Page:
It started in 1845 and lasted six years. Before it was over, more than one million men, women, and children starved to death and another million fled the country. Measured in terms of mortality, the Great Irish Potato Famine was one of the worst disasters in the nineteenth century-it claimed twice as many lives as the American Civil War. A perfect storm of bacterial infection, political greed, and religious intolerance sparked this catastrophe. But even more extraordinary than its scope were its political underpinnings, and The Graves Are Walking provides fresh material and analysis on the role that nineteenth-century evangelical Protestantism played in shaping British policies and on Britain's attempt to use the famine to reshape Irish society and character.Perhaps most important, this is ultimately a story of triumph over perceived destiny: for fifty million Americans of Irish heritage, the saga of a broken people fleeing crushing starvation and remaking themselves in a new land is an inspiring story of exoneration.Based on extensive research and written with novelistic flair, The Graves Are Walking draws a portrait that is both intimate and panoramic, that captures the drama of individual lives caught up in an unimaginable tragedy, while imparting a new understanding of the famine's causes and consequences.
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by William Joyce, Laura Geringer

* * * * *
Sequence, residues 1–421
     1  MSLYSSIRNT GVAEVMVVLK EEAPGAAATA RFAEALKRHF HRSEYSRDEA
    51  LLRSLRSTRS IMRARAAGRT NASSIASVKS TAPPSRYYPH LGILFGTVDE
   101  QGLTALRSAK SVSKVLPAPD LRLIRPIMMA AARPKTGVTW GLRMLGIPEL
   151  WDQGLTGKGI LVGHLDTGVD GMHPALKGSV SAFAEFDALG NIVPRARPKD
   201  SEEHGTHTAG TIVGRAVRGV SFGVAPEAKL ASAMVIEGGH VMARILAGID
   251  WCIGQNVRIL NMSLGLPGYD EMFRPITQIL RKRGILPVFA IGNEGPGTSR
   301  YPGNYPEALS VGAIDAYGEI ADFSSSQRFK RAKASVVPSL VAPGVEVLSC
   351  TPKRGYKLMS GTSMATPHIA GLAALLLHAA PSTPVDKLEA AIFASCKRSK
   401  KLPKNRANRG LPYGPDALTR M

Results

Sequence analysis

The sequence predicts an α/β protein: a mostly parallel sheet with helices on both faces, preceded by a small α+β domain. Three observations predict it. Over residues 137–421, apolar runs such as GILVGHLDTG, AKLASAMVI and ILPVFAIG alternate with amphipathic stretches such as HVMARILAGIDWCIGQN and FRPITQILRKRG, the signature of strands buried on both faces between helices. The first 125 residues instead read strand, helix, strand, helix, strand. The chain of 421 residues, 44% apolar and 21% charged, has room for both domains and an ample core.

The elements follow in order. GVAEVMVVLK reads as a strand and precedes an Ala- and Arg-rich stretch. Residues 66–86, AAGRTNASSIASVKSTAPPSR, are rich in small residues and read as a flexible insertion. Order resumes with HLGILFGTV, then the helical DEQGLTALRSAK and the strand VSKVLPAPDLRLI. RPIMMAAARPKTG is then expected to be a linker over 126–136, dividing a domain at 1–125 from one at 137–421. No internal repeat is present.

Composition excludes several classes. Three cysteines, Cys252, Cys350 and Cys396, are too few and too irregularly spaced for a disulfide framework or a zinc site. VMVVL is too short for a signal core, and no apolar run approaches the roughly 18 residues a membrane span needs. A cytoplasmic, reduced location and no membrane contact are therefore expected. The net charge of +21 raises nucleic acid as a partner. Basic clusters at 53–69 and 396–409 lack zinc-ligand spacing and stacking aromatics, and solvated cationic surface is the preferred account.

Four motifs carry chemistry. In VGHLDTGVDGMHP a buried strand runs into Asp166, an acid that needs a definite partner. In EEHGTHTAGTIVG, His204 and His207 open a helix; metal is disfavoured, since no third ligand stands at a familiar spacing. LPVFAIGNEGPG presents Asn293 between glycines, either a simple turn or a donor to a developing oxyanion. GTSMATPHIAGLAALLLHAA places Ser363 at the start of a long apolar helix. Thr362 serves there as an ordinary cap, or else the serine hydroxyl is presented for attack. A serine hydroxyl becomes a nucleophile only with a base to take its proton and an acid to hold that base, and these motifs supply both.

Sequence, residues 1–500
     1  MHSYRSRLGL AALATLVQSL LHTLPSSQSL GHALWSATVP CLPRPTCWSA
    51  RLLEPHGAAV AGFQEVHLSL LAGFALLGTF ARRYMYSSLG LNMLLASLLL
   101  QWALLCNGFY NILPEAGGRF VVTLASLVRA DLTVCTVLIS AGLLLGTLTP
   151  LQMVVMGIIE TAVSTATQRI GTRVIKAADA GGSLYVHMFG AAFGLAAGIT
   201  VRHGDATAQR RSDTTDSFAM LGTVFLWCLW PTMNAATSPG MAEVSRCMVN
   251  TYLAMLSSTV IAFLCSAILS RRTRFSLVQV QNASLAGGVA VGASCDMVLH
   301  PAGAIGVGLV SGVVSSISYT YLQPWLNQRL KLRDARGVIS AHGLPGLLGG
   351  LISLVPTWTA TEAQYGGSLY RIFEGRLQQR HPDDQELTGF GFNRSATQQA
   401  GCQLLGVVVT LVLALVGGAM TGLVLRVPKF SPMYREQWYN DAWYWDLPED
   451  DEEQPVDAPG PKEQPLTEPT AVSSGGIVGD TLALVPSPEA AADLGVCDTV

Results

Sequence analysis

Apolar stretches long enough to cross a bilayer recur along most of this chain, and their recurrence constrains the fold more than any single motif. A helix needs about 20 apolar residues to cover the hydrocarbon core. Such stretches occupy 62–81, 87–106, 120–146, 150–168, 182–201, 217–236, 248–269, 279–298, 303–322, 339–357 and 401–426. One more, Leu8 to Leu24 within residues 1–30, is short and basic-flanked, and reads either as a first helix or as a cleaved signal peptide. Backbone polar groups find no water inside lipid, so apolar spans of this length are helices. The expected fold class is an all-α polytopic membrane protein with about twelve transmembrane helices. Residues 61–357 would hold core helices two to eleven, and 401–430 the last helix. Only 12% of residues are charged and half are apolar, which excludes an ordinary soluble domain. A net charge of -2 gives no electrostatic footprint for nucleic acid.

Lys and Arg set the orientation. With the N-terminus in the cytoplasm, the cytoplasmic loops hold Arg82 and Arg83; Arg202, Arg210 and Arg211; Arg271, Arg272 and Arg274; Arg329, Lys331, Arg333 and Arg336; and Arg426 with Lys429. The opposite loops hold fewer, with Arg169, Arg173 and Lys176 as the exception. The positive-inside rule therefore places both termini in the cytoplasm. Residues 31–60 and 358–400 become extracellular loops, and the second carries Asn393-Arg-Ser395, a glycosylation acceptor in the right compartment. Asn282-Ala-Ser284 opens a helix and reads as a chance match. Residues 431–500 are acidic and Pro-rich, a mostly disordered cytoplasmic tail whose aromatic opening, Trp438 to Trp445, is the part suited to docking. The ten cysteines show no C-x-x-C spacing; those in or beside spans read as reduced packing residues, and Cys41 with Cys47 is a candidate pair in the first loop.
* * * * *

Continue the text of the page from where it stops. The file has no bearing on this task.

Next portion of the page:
by Val McDermid
by James Heneghan
by Luke Scull
by Mick Herron
by John Connolly
by Herbie Brennan
by Jonathan Barnes
by Minette Walters
by Tony Parsons
"What started with a single crop failure rapidly mushroomed into a pestilence of starvation and disease that killed a third of the population of Ireland in the mid-nineteenth century. Kelly's study looks at the crisis from several angles biology, disease, government response, economic downturn, religious intolerance, and emigration. Gerard Doyle's native Irish speech lends authenticity to the depressing saga of unending grief and desperation. He chooses a solemn, even tone that combines a factual narration with an inner horror at the conditions of the time. He rarely performs any of the occasional dialogue found in the text, instead relating it as though reading from a newspaper. His sober, yet compassionate rendering brings home the sorrow and tragedy with grace. R.L.L. (c) AudioFile 2012, Portland, Maine"
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